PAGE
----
Tie And Jeans

What Do You Read Before Breakfast?

The Red Queen believes 6 impossible things before breakfast. I’m a late riser, but I do try to read at least two or three things that I only barely understand every day.

Jordan’s write up about her quad-rotor project for MIT’s 6.115 is my favorite for this last week.

Her voice is conversational and freindly, but almost every paragraph sent me to the web for definitions or clarifications. There’s some cute baby gifs along the way, and a great payoff video watching the little babycoptor hover and stay level, but actually reading for content? That’s hard work.

For teachers at any level, it’s work that’s completely essential.

If we’re serious about bringing Maker Culture into K-12 schools, then teachers need to be ready to read a lot more writeup’s like Jordan’s, but often with less coherency and charm. Maker culture doesn’t comfortably fit inside the restricted polygon of teacher’s disciplines and comfort zones. Maker culture is fundametaly trans-disciplinary, and meaningful projects will push everyone to keep up.

For adults to support and grow a Maker culture, they need to be incredibly comfortable encountering material that’s outside their field and over their head, and then *digging in to it*. That’s diametrically opposed from what I often encounter as the traditional teacher platitudes reserved for students who delve deep into something new. “oh, wow! It’s so impressive that you’re learning about [X]. I could never do that.” Maker culture doesn’t have a lot of room for passive audience.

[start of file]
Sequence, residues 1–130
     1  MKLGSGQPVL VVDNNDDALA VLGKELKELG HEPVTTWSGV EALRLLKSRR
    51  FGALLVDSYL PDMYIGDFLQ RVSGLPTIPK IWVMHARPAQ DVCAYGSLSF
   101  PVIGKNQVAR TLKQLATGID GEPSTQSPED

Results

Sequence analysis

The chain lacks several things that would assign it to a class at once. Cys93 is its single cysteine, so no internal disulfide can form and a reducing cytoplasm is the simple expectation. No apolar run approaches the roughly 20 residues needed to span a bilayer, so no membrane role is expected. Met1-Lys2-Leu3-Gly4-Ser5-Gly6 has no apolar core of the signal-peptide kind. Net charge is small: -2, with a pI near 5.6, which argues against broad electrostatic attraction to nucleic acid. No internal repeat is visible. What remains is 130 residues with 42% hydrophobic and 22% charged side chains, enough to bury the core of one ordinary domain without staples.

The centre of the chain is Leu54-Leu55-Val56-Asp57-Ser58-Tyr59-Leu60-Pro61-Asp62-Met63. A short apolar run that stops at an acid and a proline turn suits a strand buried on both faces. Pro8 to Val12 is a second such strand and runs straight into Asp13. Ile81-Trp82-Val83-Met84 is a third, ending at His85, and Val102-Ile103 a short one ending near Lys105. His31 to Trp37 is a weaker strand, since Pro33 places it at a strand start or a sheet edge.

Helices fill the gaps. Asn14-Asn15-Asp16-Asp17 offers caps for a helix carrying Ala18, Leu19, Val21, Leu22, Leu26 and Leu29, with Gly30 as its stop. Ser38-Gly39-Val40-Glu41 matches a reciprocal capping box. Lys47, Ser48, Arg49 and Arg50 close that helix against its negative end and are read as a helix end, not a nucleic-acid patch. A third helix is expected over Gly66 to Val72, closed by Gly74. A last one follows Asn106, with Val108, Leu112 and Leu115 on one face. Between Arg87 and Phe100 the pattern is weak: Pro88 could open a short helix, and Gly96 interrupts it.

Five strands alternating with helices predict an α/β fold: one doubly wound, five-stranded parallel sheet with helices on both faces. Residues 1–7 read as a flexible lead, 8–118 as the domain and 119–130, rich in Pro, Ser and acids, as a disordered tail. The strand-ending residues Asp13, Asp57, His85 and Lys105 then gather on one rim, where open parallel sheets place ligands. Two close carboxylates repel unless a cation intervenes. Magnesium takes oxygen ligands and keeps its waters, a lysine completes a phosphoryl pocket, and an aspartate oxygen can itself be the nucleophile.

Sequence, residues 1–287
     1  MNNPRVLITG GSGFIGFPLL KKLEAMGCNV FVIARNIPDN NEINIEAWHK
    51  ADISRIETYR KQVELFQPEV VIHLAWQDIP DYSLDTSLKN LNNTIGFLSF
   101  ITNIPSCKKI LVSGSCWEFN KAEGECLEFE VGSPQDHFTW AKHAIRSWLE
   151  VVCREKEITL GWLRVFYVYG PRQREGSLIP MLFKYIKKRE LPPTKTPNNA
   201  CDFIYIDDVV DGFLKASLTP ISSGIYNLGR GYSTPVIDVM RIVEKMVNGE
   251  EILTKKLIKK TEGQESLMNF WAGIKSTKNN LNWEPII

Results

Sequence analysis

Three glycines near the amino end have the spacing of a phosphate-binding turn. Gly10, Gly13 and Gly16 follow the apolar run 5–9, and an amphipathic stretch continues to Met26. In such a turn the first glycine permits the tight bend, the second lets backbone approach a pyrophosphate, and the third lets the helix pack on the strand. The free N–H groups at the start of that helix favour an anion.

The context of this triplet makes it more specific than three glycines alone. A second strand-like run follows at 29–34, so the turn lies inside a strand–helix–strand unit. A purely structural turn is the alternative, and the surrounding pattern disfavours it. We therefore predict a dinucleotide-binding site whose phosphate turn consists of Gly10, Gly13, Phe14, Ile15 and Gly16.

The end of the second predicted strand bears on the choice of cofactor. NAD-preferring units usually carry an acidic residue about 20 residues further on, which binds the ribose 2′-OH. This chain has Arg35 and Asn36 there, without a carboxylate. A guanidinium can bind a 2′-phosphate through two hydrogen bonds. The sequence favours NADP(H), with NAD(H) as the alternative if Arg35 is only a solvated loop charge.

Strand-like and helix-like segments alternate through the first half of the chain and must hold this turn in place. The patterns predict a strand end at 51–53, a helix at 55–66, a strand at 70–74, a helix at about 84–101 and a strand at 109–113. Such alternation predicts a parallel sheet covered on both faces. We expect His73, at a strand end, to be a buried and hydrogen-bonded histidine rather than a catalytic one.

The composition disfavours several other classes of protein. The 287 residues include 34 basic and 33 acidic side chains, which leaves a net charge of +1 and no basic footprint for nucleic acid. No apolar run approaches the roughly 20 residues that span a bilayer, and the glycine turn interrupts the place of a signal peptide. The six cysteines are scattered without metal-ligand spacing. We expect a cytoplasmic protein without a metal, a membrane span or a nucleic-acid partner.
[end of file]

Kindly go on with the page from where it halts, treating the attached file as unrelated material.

This is what “life-long learning” really looks like – a life spent frequently falling into deep pits of confusion. For teachers, it can remind us what it feels like to be a student encountering quadratics for the first time instead of simply reciting our trite mnemonics or reading off our bad-ass tatoos.

I'm not sure why PacMan loves quadratics, but it makes sense in my heart.

It also reminds us what real teaching success feels like. A great day isn’t when every kid recites the same facts in unison. A great day is when you’re ass-over-teakettle confused, blindsided by new ideas and inspired students.

I know that’s a unsettling place to be as a teacher. Personally, I’ll be practicing every morning, just to keep up.

 

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